Theologians say be not afraid of 'The Da Vinci Code'
() - April 13, 2006 - 12:00am
To commemorate the 554th birth anniversary of Renaissance artist Leonardo Da Vinci on Saturday, April 15, Sony Pictures, the distributor of the upcoming screen adaptation of Dan Brown's controversial bestseller The Da Vinci Code, has upgraded its two Web sites for the film with more essays from Christian theologians and religious academics articulating their views about the premise of the book.

The sites, www.thedavincichallenge.com and www.thedavincidialogue.com, contain essays by about 45 Christian writers, scholars and leaders of evangelical organizations who pick apart the book's theological and historical claims about Christianity.

Sony Pictures spokesman Jim Kennedy says the studio realizes the book has created controversy "about history and religion," which is why the Web sites have been created to provide an opportunity to educate young people about theological issues raised by the film.

The essays generally urge people to see the movie or at least don't dissuade them from doing so. The sites also note where the book "suggests" conclusions that differ from mainstream Christian dogma.

Among the writers are Gordon Robertson, the son of the television evangelist Pat Robertson and co-host of their television show, "The 700 Club," who wrote about how early Christianity survived, and Richard J. Mouw, the president of Fuller Theological Seminary, a leading evangelical school in Pasadena, Calif. who contributed one of the new essays entitled, "Why Christians Ought to See the Movie."

Mouw tells the New York Times, "It's going to be water cooler conversation, so Christians need to take a deep breath, read the book and see the movie. Then we need to educate Christians about what all this means."

For his part, Dr. Ben Witherington III, professor of New Testament interpretation at Asbury Theological Seminary in Kentucky, shared the essay, "Mary Mary, Extraordinary." Dr. Witherington tells the United Methodist Reporter, "Christians shouldn't be afraid to publicly address distortions of the Gospel in conversation with others. I would just say, to reassure Christians who are nervous about this, 'Greater is He who is in you than these forces that are out there in the world. Be prepared to give a reason for the hope that's within you. Be prepared to dialogue and discuss.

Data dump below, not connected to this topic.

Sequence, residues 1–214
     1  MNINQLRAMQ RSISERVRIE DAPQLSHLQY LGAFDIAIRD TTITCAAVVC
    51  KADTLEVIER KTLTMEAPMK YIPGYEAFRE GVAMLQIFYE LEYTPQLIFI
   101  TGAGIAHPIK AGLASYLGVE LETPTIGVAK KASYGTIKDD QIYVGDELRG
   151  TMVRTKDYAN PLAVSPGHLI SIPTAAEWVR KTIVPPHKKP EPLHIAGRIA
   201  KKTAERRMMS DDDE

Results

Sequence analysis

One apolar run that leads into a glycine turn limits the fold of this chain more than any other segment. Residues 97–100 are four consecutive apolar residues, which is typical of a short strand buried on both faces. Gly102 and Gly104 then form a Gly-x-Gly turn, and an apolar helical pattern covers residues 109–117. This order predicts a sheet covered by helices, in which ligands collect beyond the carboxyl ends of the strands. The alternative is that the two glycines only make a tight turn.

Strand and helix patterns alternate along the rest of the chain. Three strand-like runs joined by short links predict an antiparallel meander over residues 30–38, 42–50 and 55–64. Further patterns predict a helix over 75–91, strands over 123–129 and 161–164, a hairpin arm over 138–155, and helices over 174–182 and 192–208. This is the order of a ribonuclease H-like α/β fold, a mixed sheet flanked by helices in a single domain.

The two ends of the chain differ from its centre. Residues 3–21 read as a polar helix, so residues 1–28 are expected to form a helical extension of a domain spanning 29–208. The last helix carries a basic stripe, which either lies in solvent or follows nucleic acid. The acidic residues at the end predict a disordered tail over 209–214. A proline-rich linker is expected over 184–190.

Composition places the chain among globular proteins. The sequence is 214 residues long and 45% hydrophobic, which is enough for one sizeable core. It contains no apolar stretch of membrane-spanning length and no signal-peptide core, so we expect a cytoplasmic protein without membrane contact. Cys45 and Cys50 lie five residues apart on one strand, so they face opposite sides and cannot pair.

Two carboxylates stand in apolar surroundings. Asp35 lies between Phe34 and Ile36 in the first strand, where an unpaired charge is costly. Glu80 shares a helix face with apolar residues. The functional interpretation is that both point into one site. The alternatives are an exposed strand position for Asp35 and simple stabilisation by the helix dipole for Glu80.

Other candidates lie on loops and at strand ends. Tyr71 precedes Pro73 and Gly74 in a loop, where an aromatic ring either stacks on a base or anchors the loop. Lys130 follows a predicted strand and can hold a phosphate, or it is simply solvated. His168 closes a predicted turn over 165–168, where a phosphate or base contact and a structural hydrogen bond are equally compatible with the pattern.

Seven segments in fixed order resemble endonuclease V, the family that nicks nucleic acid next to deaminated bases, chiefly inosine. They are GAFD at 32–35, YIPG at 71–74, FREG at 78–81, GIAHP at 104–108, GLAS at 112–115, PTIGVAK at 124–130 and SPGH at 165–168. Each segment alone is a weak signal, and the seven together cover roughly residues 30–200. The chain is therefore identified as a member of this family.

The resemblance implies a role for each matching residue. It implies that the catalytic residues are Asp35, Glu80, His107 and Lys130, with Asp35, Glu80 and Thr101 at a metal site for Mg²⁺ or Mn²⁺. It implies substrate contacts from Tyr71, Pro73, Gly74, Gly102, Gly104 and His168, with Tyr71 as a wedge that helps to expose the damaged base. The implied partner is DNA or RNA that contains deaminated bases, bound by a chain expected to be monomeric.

"I'm not of the 'boycott, ban or burn' approach. I think that's a serious and foolish mistake because it will serve no purpose except to make the Church look obscurantist, which is not helpful at all. I think we should engage," concludes Witherington.

Among those who also contributed essays for the Web sites are Hugh Hewitt, host of a conservative radio talk show in America; Darrell L. Bock, a professor of New Testament studies and the author of "Breaking the Da Vinci Code"; and George Barna, founder of a polling and research firm that focuses on evangelicals.

Barna said it was a "hard call" for him to agree to post an essay. But, as he wrote in his dissertation, "Heresy rightfully gets Christians upset, and responding is necessary."

In the Philippines, a Filipino priest has also expressed tolerance to "The Da Vinci Code." Fr. Michael Angelo Cardenas, an Opus Dei member and director of the Theological Centrum, said some members like him were not angered by the book's portrayal of Opus Dei, according to the Asian Journal.

"We view it with complete openness," Cardenas is quoted by the Asian Journal, reiterating the position taken by the personal prelature of Opus Dei when the novel first came out. He said the mind-set was to consider the controversy as an occasion "to allow more people to know Jesus Christ."

Recently, Dan Brown has publicly declared that The Da Vinci Code is a work of fiction and stressed that each individual reader must explore the characters' viewpoints and theories and come to his or her own interpretations. "My hope was that the novel would serve as a springboard for people to discuss the important topics of faith, religion, and history," he added.

The film version of "The Da Vinci Code" is directed by Ron Howard, produced by Brian Grazer and written for the screen by Akiva Goldsman, the Oscar-winning team of "A Beautiful Mind." The cast is headed by two-time Academy Award-winner Tom Hanks, Audrey Tautou, Jean Reno, Sir Ian McKellen, Alfred Molina and Paul Bettany.

Produced by Grazer and John Calley, "The Da Vinci Code" begins with a spectacular murder in the Louvre Museum. All clues point to a covert religious organization that will stop at nothing to protect a secret that threatens to overturn 2,000 years of accepted dogma.

"The Da Vinci Code" is scheduled to open across the Philippines on May 18.

A BEAUTIFUL MIND ACADEMY AWARD AKIVA GOLDSMAN ASIAN JOURNAL DA VINCI CODE DAN BROWN NEW TESTAMENT OPUS DEI SONY PICTURES VINCI
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